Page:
01 Apr 05. The Wall Street Journal reported that the Defense Department has approved Lockheed Martin Corp.’s F/A-22 fighter for full production, people familiar with the matter said, giving the stealthy supersonic jet the seal of approval just when the White House is targeting it for budget cuts.
The decision is a critical milestone for the complex and controversial aircraft, which has been under development since the Cold War and whose costs have soared. The green light could provide ammunition for advocates of the F/A-22 ahead of congressional budget votes and a broader Pentagon review of long-term acquisition priorities. That is because the approval by the Defense Acquisition Board, the Pentagon’s top procurement panel, is an endorsement of the plane’s capabilities as well as Lockheed’s ability to produce it at the rate and cost determined by the Air Force.
A Pentagon spokesman said only that the board met Tuesday and that a formal written decision is being drafted. Tom Jurkowsky, a spokesman for Lockheed, of Bethesda, Md., said the company hasn’t been officially notified of the decision. To maintain global air superiority, the Air Force says, it needs 381 F/A-22s, which can fly at supersonic speeds for prolonged distances. The F/A-22 “is really the only plane either manned or unmanned” that has both the speed and the radar-evading capability to counter surface-to-air missiles and advanced fighters being built by other countries, Gen. John Jumper, the Air Force’s chief of staff, told a House appropriations subcommittee last month.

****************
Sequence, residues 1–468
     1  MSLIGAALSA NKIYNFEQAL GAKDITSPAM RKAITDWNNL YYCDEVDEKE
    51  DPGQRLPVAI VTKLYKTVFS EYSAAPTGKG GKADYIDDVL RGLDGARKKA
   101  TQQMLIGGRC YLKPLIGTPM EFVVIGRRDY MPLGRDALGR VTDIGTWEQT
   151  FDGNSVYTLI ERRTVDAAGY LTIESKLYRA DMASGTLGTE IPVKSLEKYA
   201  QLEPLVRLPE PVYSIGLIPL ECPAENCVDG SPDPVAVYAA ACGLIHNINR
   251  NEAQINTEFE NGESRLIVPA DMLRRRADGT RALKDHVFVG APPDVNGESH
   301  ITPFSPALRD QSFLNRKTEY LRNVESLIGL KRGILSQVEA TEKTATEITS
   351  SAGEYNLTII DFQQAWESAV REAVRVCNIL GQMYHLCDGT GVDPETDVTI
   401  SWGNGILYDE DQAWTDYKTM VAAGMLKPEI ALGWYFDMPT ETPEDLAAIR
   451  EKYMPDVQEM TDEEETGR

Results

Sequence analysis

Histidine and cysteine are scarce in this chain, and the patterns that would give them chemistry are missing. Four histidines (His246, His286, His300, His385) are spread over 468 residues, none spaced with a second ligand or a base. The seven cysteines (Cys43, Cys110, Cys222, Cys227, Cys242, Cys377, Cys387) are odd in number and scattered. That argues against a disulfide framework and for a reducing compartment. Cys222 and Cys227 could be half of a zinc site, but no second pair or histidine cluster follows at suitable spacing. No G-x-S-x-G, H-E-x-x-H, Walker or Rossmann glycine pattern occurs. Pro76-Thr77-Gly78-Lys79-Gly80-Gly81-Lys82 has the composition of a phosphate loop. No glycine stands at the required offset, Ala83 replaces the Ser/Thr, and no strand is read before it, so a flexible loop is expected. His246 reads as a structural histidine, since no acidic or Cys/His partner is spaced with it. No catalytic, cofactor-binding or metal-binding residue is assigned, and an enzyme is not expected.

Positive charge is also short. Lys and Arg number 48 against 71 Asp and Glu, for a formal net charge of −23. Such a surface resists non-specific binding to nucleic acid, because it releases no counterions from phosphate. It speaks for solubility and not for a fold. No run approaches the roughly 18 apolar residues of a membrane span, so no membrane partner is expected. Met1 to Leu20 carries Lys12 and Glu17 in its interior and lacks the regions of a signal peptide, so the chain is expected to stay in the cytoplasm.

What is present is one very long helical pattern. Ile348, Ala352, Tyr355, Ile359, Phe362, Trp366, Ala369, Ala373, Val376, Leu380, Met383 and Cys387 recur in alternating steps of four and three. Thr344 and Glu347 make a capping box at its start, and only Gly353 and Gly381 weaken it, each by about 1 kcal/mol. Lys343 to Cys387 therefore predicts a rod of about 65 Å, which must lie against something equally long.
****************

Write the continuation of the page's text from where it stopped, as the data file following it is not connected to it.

Over the service’s objections, Defense Secretary Donald Rumsfeld and White House officials seized on the high-profile program to show their determination to rein in Pentagon weapons spending. President Bush’s latest budget proposes buying only around 180 F/A-22s and halting production at the end of the decade in order to save $10.5bn. Central to the swirling debate about the jet has been its cost. Critics say that including development spending, each F/A-22 costs some $250m. Air Force generals counter that going forward, the price tag will be about $110m apiece, not much more than the current top-of-the line F-15 fighter. The Pentagon’s approval is a boost for Lockheed, which had to overcome crippling software problems in the F/A-22.
Comment: Time will tell whether as we discussed in our October feature (BATTLESPACE UPDATE Vol.6 ISSUE 41, 30 October 2004, AUSA 2004 – BACK TO THE FUTURE) that the F-22 becomes the mainstay aircraft of the U..S. Armed Forces if the F-35 JSF project collapses. Sources close to BATTLESPACE have suggested that Lockheed could easily develop variants of the F-22 to met some of the JSF requirements.